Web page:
The New Jersey Tort Claims Act (the “TCA” or the “Act”) provides that “a public entity is not liable for an injury” caused by an act or omission “[e]xcept as otherwise provided by this act.” N.J.S.A. 59:2-1a. Under the TCA, immunity is the rule and liability is the exception. The TCA defines public entities to include counties and municipalities, and therefore townships also fall within the scope of the TCA. N.J.S.A. 59:1-3.
Continue Reading Inside the Tort Claims Act

Under the New Jersey Tort Claims Act (the “Act” or “TCA”), N.J.S.A. 59:1-1 et seq., public entities are liable for their negligence only as set forth in the Act and in accordance with the fair and uniform principles contained therein. The TCA seeks to provide compensation to tort victims without unduly interfering with governmental functions and without imposing an excessive burden on taxpayers. The Act establishes sovereign immunity for public entities, but does not similarly shield public employees. Thus, with respect to public entities, immunity is the rule, and liability the exception. The analysis for determining public-employee liability under the Act differs from the analysis for determining public-entity liability.
Continue Reading Public Employee Immunity and the Tort Claims Act

This blog is the second in a series of blogs discussing the New Jersey Home Warranty and Builders’ Registration Act. This blog will discuss when the election of remedies provision is triggered. You can access previous installments of this series online here.
Continue Reading Why the Homeowner Warranty Program Remedy is no Remedy At All – Part 4

This blog is the second in a series of blogs discussing the New Jersey Home Warranty and Builders’ Registration Act. This blog will provide an overview of how to file a claim under the New Jersey Home Warranty and Builder’s Registration Act. You can access previous installments of this series online here.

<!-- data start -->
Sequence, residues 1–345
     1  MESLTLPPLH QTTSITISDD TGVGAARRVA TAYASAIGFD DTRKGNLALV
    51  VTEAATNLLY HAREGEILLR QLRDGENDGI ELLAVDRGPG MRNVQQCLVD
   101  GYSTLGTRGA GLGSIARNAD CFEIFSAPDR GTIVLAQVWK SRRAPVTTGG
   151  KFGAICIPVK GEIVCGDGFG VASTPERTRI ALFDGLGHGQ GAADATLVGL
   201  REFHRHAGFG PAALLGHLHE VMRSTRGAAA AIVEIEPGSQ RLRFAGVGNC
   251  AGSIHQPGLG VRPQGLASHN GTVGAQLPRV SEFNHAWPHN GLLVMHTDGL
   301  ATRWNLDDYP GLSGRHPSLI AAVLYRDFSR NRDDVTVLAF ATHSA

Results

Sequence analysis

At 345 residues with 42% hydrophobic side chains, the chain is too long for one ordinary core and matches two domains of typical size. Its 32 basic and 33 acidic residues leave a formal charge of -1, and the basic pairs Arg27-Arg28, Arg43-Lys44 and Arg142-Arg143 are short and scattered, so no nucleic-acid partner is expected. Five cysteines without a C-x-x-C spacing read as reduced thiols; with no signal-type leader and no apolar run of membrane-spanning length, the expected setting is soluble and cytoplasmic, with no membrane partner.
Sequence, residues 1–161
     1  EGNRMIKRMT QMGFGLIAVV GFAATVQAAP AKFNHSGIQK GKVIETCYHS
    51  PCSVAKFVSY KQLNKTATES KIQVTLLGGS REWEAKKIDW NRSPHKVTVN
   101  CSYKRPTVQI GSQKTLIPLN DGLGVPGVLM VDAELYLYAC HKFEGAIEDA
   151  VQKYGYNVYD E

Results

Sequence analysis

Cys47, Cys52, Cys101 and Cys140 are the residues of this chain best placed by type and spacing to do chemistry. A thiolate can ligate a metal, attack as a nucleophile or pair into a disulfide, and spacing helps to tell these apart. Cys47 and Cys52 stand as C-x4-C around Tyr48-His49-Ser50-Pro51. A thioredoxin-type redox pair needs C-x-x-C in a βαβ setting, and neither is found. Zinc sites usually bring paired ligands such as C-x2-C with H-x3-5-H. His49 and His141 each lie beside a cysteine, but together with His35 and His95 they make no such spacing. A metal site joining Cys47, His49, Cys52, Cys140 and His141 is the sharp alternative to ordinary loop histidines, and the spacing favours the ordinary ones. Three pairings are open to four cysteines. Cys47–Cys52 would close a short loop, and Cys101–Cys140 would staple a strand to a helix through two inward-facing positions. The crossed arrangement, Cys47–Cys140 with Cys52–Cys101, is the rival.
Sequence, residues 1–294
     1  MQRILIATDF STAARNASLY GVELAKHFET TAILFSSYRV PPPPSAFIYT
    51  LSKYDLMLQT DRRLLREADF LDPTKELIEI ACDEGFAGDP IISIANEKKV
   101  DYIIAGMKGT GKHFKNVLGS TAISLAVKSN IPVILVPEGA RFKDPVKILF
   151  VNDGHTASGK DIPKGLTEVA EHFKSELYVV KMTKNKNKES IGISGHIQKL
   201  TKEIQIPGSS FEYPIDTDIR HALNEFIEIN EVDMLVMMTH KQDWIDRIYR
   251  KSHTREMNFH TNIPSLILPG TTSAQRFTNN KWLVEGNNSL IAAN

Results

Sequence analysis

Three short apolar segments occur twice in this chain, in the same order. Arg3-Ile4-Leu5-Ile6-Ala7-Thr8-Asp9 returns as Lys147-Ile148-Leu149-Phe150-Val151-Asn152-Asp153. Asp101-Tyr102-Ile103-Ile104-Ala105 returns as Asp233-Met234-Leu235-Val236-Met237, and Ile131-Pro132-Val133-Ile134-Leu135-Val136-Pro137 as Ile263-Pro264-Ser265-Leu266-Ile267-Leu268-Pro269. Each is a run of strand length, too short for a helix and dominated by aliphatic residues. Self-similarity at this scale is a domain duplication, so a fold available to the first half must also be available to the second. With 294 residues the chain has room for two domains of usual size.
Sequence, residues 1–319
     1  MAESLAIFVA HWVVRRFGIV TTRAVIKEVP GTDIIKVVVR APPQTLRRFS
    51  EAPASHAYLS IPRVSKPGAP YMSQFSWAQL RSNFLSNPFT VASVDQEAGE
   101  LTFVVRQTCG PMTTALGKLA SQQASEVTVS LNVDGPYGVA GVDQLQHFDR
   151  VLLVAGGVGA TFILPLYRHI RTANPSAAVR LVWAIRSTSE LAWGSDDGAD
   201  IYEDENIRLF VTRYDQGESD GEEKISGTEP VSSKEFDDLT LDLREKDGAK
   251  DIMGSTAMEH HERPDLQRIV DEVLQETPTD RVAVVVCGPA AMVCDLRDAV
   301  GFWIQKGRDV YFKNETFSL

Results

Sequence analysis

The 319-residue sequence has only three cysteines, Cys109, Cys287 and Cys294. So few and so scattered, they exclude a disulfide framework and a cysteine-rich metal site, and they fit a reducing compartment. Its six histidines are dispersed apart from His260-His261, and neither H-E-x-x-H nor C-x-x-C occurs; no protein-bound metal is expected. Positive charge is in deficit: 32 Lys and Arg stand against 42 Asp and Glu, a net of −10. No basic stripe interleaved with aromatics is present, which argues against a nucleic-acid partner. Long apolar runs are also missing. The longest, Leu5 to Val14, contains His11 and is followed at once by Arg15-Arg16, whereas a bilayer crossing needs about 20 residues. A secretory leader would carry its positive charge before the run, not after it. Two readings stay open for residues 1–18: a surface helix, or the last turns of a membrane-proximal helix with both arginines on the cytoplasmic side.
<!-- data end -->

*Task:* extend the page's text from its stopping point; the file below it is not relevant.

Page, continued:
Continue Reading Why the Homeowner Warranty Program Remedy is no Remedy At All – Part 2

Since its inception, the New Jersey Home Warranty and Builders’ Registration Act (the “Act”), N.J.S.A. 46:3B-1 to -20, has proven to be more of trap for new homeowners than the safety net it was purported to be. The purpose of the Act is to establish a program requiring that newly constructed homes conform to certain construction and quality standards as well as to provide buyers of new homes with insurance-backed warranty protection in the event such standards are not met. While the intent of the Act is to provide homeowners with a prompt, convenient and cost-saving means of resolving disputes concerning construction defects, in reality, its effect has been, in many cases, to strip homeowners of any meaningful means of recovery for discovered construction defects.
Continue Reading Why the Homeowner Warranty Program Remedy is no Remedy At All – Part 1

On Monday, November 15th, 2010, the New Jersey Supreme Court issued its highly anticipated decision in the controversial case of Dean v. Barrett Homes, Inc., 406 N.J. Super. 453 (App. Div. 2009), cert. granted, 200 N.J. 207, 976 (2009). The contested issue in Dean was whether the economic loss doctrine, a judicial construct which bars recovery in tort for damage a product causes only to itself, applied to bar a homeowner’s tort claim for a defective exterior finishing system installed on their home during construction.
Continue Reading New Jersey Supreme Court Reverses Appellate Division in Seminal Economic Loss Rule Case

Contributory negligence is the common-law construct whereby any negligence by a plaintiff acts as a total bar to recovery against a negligent tortfeasor. The contributory negligence doctrine has been uniformly criticized as overly harsh, allowing culpable parties to avoid the consequences of their actions, and leaving relatively innocent plaintiffs without recourse.
Continue Reading New Jersey Appellate Division Resurrects Deceased Contributory Negligence Doctrine: Consumer’s Pre-Purchase Notice of Product Defect Bars PLA Recovery of “Other Property” Damage Inflicted After Purchase

In a recent unpublished decision under New Jersey’s Consumer Fraud Act, the Appellate Division in D. Wyatt Stone and Stone Foundation, LLC v. Kahr Properties, LLC, December 2008 App. Div. 09-2-2471), decided the appeal of a judgment in the Plaintiff’s favor for damages, attorneys’ fees and costs arising from a home improvement project. The